On the dial, the features of the watch will be familiar to any G-Shock fan, with the digital display surrounded by the vintage-inspired brick pattern along with the various notes, descriptors, and indicators that come standard to the brand’s watches. The most distinguishing element is, of course, its light-on-dark LCD display, which differs from the standard dark-on-light look offered in most other G-Shock watches (as above) and makes for a slightly more formidable overall look.

As for functionality, the Red Ion features plenty of expected favorites from the brand and then some, including Bluetooth connectivity allowing it to pair with a smartphone through the G-Shock app, Multi-Band 6 Atomic Timekeeping technology, a 1/100-second stopwatch, an LED light for nighttime legibility, world-time indications, four daily alarms, and a countdown timer. The 200-meter water resistant timepiece is also powered using the hallmark “Tough Solar” technology, allowing it to virtually run indefinitely so long as it is worn regularly and frequently exposed to light sources.

As a whole, for $600 the Red Ion presents fans and newcomers to the G-Shock brand a solidly produced, substantial timepiece, with all of the brand’s best technologies and classical design elements and then some. The stark red colorway rarely contrasted negatively to any of my regular outfits with which I wore it, and for that reason it has largely found itself in regular rotation since I acquired it.

The G-Shock Full Metal Red Ion GMWB5000RD-4 is available now both directly through G-Shock and via authorized dealers for $600.

To learn more and inquire for purchase, you can visit G-Shock’s online store, here.

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  1. Steven Pennington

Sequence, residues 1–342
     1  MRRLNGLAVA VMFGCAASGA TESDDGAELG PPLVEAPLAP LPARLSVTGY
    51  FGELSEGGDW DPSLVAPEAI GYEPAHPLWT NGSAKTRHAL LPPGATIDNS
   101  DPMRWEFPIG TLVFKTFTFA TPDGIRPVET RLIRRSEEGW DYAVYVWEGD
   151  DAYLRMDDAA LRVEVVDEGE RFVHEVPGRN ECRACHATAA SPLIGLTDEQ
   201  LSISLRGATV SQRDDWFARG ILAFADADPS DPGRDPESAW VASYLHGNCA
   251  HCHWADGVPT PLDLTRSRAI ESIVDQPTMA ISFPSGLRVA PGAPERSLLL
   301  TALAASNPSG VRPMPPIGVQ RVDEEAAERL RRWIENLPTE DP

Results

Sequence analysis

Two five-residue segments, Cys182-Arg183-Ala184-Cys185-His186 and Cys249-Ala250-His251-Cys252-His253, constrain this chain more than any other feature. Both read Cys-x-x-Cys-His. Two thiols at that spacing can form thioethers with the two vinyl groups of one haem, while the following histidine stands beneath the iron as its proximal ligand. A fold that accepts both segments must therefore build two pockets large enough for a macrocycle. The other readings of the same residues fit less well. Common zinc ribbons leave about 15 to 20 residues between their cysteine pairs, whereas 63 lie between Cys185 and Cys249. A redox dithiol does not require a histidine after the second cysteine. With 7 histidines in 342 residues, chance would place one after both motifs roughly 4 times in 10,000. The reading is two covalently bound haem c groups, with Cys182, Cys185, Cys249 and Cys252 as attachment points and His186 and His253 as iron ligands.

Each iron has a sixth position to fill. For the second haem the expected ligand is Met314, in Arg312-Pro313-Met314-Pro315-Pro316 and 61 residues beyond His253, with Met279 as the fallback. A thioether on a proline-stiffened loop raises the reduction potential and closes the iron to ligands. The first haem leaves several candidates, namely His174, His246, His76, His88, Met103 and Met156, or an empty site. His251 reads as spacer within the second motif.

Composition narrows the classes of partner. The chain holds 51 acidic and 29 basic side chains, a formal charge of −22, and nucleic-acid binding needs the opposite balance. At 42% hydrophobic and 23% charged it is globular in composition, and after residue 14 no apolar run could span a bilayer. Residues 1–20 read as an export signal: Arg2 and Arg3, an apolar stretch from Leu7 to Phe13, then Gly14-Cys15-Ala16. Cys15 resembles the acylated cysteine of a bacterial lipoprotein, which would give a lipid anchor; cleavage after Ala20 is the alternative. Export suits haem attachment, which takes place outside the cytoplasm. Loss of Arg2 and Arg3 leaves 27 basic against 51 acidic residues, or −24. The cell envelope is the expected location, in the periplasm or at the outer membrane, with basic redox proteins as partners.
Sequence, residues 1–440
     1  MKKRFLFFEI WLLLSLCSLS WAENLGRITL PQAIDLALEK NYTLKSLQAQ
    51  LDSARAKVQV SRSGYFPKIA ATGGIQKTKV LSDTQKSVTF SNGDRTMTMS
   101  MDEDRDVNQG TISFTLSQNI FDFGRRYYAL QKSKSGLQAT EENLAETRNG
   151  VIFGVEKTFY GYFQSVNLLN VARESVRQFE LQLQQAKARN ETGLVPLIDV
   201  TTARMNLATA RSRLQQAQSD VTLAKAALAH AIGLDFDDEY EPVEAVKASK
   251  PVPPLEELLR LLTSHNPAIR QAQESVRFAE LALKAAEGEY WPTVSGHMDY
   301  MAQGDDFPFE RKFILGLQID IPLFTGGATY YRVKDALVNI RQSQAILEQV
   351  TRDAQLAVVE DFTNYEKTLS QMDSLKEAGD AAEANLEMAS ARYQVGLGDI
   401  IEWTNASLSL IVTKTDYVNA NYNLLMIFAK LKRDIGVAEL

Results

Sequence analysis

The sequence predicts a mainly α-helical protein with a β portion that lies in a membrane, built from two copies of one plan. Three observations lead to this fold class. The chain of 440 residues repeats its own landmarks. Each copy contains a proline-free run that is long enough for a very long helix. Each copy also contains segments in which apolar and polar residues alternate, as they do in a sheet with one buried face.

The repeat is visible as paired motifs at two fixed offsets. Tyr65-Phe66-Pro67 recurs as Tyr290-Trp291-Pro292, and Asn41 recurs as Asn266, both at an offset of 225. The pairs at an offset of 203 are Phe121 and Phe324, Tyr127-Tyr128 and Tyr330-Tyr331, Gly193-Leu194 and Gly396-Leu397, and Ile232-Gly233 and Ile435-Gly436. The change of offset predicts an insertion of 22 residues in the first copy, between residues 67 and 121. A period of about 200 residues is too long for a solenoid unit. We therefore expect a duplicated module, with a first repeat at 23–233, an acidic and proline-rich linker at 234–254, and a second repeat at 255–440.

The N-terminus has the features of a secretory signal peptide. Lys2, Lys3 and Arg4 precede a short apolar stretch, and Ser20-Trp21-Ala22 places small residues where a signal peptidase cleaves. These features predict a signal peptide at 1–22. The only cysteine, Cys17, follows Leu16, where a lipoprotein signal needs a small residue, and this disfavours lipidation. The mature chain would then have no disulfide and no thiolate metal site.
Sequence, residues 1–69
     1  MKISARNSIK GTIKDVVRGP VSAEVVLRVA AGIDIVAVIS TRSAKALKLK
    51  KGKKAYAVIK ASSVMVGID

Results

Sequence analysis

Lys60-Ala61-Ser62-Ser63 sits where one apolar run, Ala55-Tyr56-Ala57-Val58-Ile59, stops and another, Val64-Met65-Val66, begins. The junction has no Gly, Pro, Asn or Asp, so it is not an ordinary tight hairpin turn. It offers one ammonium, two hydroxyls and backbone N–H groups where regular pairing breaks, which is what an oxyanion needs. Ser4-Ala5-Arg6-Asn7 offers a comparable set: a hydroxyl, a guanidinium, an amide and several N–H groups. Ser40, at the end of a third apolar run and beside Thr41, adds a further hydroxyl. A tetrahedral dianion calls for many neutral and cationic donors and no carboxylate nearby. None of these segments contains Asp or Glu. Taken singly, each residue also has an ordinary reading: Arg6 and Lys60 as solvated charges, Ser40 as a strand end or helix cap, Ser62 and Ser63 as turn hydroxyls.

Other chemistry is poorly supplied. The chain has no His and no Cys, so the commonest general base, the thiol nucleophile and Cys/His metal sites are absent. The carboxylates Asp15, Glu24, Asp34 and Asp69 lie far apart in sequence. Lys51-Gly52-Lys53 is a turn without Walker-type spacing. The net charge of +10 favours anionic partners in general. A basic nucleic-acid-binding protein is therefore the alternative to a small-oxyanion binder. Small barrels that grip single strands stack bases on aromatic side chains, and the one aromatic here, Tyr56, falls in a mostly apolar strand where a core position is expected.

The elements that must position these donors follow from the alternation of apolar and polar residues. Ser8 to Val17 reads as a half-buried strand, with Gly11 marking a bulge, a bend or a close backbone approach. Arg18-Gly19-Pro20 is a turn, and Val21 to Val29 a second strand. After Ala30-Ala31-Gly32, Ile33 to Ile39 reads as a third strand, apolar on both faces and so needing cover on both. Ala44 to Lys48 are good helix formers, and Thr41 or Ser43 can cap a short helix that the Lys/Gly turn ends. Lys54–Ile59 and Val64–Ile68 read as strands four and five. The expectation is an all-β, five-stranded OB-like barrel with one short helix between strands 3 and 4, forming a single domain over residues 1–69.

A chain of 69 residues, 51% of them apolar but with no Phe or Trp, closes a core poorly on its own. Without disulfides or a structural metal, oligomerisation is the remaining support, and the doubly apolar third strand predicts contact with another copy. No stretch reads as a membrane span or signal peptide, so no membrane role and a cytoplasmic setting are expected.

A very well written, well balanced piece of work for what is a spectacular watch. Personally I couldn’t bear to break up the colour consistency by replacing the strap. The strong, in your face red colouring throughout is the watch’s raison d’etre.

  2. I think you made a mistake with the weight of the red ion, 96 grams is the weight of the titanium version, the steel watch must weigh about 130-140 grams.

  3. Darius Foo

    Thanks for this article. just a quick check, did you see any fading or scratches that lead to decolorising of the red color on the bracelet/case? I have been thinking of getting this as well but the thought that it might fade/scratch out has kept me at bay for the moment.

    • Hi Darius,

      Thanks for your question. Thus far, I haven’t seen any major discoloration or scratches in wearing it, outside of maybe a few small scratches from regular wear. That could change over a few more years of wear, but my sense right now is the color is pretty firm on there. However, I will note that the reddish color of the piece does make any oil from your hands appear much more prominently than it might appear on a steel or DLC case, which may make you want to clean your watch a bit more frequently, however I don’t feel as though this takes away from the overall quality of the watch.